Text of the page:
We all know technology is neither evil nor good in and of itself. Unless it is a killer robot that has been designed to take out innocent kittens. Hmmm…wait…dogs and small rodents might disagree.
Okay. A new personal record as far as early digressing.
Technology typically allows us to free up time for other things, sometimes good and sometimes bad. For instance, it allows us to communicate openly with one another. On the down side, we can now instantly tell everyone when our soft serve ice cream was a little too soft, and we can then tell everyone that we are upset enough to not feel like communicating again for another 5 whole minutes.
In the Information Technology world, the technology half is often advertised as being able to do a plethora of things for us. Product X will solve all your problems, just sign on the line and don’t whine. If that were true, why is it so difficult to sell technology? The typical answer is that this new thing will take time and focus away from current efforts. It seems that when an IT function acquires new technology there are a couple of factors that come into play:
- It doesn’t quite do everything it was touted as able to during the sales pitch.
- The Return on Investment (ROI) is unclear until actually implemented.
- There is a learning curve for the integration and adoption process.
- The operational use of it can be somewhat daunting.
I recently visited a friend of mine at his company. He is the CISO of a midsize company and resource challenged. Not enough people, and his on-hand talent pool has a wide variance of capabilities. I told him he is unique, just like every other CISO in an organization of his size and in a company on that particular growth curve point.
The interesting thing was the box sitting by the desk. It was a network scanning tool device, one you plug into the infrastructure to scan systems and determine vulnerabilities. When it was sold to him it was the greatest thing available on the market…capable of scanning, baking pies, reporting, tracking trends, washing cars, modifying initial risk factors, emptying trash cans, blah, blah, blah. Truly a wonder only comparable to hoverboards that can start a bonfire for your beach party in two seconds flat.
Back to the scanning appliance…it had been sitting by his desk for about eight months collecting dust while the organization collected billing statements for it. About $150K worth in fact. This was beyond shelfware….this was a malignant piece of deskware that stared at him day in and day out, daring him to touch the box.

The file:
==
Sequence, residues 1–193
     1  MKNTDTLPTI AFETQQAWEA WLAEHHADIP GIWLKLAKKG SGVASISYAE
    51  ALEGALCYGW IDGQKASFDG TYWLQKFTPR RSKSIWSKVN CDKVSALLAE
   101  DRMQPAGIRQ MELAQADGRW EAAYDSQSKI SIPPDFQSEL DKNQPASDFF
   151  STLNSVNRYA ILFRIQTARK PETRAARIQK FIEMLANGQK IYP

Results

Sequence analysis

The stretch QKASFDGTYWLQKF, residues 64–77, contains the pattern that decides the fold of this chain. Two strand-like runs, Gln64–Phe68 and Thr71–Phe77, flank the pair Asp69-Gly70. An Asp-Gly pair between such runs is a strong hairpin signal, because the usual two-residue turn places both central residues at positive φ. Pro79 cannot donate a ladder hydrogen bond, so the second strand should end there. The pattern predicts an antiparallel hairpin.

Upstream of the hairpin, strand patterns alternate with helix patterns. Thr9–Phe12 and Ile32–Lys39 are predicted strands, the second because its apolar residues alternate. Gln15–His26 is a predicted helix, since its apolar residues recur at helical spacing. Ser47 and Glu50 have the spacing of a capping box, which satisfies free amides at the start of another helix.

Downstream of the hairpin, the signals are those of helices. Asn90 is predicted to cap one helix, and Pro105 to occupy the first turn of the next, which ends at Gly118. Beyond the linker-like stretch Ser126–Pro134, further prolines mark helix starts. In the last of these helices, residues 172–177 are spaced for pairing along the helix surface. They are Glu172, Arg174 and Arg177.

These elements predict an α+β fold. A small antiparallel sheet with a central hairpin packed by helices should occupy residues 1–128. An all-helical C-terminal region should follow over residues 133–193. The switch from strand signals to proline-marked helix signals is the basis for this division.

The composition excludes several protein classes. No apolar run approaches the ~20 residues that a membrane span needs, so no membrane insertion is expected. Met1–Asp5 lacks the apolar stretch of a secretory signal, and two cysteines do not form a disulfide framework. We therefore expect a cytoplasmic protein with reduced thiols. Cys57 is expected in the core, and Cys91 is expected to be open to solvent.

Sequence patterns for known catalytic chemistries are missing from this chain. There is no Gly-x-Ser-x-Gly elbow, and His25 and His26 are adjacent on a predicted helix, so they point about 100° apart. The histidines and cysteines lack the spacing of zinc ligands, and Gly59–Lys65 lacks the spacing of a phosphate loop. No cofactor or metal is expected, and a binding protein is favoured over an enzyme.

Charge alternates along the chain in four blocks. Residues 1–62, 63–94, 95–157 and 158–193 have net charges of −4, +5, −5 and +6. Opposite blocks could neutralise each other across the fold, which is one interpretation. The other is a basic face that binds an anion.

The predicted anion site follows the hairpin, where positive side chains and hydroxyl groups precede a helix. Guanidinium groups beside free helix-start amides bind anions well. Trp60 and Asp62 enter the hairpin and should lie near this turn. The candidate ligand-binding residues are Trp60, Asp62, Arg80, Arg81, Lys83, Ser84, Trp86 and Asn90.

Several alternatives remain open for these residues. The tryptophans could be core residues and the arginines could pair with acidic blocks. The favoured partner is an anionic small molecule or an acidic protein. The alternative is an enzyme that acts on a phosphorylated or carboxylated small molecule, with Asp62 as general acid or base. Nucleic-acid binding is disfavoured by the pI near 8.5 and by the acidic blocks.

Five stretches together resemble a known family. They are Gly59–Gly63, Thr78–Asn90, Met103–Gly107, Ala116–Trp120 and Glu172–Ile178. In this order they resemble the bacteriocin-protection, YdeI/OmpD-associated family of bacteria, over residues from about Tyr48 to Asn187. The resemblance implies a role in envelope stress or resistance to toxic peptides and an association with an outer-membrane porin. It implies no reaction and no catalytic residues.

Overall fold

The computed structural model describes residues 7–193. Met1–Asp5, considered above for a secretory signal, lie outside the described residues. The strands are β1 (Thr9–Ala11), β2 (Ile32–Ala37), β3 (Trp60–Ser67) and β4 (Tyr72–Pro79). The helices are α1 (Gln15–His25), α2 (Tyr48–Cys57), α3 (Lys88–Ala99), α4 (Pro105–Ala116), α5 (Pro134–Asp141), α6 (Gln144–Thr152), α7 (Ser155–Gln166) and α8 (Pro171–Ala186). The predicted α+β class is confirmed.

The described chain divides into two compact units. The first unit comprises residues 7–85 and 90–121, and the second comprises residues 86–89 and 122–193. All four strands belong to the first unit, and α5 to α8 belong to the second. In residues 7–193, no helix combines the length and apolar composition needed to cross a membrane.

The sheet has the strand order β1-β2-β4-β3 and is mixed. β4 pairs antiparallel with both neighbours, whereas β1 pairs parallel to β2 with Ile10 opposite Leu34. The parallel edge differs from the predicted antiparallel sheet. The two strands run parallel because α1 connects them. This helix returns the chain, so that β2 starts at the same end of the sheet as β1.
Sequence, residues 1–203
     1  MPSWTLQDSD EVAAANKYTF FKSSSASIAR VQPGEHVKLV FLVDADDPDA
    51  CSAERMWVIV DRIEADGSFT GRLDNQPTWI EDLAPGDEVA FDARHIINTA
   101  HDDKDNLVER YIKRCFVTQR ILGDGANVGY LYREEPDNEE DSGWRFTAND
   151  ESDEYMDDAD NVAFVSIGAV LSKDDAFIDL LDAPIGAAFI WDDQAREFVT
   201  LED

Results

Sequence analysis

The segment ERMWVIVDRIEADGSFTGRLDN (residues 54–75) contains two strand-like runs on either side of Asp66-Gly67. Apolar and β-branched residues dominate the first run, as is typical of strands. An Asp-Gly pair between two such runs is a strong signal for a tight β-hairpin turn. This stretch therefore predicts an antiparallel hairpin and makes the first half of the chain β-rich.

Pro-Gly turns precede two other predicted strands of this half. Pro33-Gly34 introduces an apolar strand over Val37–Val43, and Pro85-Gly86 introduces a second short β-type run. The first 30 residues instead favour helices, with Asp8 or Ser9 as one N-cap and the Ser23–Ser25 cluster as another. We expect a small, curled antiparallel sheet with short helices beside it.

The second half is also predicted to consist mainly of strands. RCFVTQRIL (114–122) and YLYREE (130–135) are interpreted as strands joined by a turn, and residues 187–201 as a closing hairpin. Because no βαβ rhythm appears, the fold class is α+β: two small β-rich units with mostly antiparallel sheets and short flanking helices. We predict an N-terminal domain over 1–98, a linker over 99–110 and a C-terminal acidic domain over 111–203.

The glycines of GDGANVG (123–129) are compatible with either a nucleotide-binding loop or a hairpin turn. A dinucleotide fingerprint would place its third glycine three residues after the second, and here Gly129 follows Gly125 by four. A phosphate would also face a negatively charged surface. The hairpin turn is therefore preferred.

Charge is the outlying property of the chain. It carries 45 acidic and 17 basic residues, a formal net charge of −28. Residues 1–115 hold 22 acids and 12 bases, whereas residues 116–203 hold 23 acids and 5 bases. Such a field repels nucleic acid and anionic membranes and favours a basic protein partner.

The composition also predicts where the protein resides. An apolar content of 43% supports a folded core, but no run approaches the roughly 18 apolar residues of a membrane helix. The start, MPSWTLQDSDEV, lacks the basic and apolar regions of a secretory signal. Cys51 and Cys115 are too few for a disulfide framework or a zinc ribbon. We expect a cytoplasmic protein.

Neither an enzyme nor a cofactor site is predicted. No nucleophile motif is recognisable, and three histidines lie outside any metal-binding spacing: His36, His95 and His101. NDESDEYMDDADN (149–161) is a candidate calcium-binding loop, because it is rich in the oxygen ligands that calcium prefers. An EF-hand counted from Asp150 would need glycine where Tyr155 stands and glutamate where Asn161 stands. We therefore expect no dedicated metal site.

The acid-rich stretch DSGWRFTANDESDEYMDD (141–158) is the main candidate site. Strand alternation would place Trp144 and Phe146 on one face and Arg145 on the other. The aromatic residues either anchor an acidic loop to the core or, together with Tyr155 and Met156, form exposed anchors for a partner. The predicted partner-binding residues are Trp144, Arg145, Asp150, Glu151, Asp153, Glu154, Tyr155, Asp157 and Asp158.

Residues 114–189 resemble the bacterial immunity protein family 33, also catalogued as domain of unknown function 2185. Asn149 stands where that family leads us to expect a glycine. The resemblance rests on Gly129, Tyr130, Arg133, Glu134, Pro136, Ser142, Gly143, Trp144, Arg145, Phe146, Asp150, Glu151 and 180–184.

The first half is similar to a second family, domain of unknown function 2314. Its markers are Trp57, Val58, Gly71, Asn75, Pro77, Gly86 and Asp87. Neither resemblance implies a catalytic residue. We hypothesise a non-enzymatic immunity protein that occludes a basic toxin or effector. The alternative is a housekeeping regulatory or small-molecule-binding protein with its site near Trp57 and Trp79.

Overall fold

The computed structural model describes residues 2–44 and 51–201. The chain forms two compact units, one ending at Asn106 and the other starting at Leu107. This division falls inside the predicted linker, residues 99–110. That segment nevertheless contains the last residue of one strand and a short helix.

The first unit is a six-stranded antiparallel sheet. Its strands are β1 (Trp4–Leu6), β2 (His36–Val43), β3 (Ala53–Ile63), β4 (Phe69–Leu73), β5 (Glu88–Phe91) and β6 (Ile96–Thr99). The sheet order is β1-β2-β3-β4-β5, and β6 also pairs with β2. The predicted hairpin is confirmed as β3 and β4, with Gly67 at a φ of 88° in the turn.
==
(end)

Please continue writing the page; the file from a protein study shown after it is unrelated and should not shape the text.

So why did this happen? Was it a bad purchase? Was it unsuitable for his purposes? Did it not work correctly?
The answer was relatively simple. None of the above, by the way.
Technology, particularly in the security realm, is supposed to enable, protect, simplify, or provide deeper understanding of what is going on in our networks. Sometimes it does all four at once. Yah, I know….some security products out there don’t even get one out of four right. Anyways, back to them:
Think of things such as log aggregators. Enablers allow you to do something to solve a problem. No, not talking about drug users versus drug sellers. Let’s keep the discussion on IT.
This is relatively easy to understand. Think of a firewall or something else that is essentially putting trash can lids around an asset so if anybody tries to sneak up on it, they will make a lot of noise.
Think single dashboard for managing those firewalls. Or a log filter feeding into a Security Operations Center solution. Something that provides efficiency for your precious security folks, removing manual labor from the equation (as much as possible, anyways).
Some examples of this might include the malware sandbox that pulls in bad stuff and blows it up so you can study the behavior of it. Or the firewall event analyzer that automatically sifts through piles of data to give you the so-what.
I’m sure we could get pretty granular on what things do for us, but sitting here (with no reference of what someone else thinks open in front of me) and thinking about this slice of this particular universe makes me think the four items make sense as far as the ‘what’. Wail away on the rebuttal if you disagree. Sorry about adding a numbered list as a result of this article. As if there aren’t enough. Lately I seem to get inundated with the list thing….a few notable examples being: